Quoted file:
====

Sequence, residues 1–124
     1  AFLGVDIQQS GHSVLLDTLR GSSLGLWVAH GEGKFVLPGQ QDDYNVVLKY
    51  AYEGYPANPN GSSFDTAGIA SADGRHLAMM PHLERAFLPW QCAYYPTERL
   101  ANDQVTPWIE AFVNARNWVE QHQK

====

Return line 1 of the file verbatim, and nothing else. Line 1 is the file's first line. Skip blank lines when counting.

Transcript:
Sequence, residues 1–124